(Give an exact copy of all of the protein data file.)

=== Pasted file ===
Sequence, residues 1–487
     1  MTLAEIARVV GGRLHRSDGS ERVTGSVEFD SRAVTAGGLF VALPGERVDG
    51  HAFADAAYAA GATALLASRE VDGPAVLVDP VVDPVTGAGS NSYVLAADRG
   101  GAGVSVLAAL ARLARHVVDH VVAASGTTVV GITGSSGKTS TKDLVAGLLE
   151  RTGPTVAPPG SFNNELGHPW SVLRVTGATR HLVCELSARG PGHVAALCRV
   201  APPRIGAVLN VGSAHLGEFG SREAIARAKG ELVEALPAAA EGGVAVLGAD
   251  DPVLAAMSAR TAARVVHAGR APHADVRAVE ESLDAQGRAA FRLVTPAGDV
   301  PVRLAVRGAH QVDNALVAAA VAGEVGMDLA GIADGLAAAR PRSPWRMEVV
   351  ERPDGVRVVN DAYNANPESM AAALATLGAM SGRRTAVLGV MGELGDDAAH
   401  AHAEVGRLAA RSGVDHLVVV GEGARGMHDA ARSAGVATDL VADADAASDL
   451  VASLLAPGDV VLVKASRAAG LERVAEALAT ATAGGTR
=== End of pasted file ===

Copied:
Sequence, residues 1–487
     1  MTLAEIARVV GGRLHRSDGS ERVTGSVEFD SRAVTAGGLF VALPGERVDG
    51  HAFADAAYAA GATALLASRE VDGPAVLVDP VVDPVTGAGS NSYVLAADRG
   101  GAGVSVLAAL ARLARHVVDH VVAASGTTVV GITGSSGKTS TKDLVAGLLE
   151  RTGPTVAPPG SFNNELGHPW SVLRVTGATR HLVCELSARG PGHVAALCRV
   201  APPRIGAVLN VGSAHLGEFG SREAIARAKG ELVEALPAAA EGGVAVLGAD
   251  DPVLAAMSAR TAARVVHAGR APHADVRAVE ESLDAQGRAA FRLVTPAGDV
   301  PVRLAVRGAH QVDNALVAAA VAGEVGMDLA GIADGLAAAR PRSPWRMEVV
   351  ERPDGVRVVN DAYNANPESM AAALATLGAM SGRRTAVLGV MGELGDDAAH
   401  AHAEVGRLAA RSGVDHLVVV GEGARGMHDA ARSAGVATDL VADADAASDL
   451  VASLLAPGDV VLVKASRAAG LERVAEALAT ATAGGTR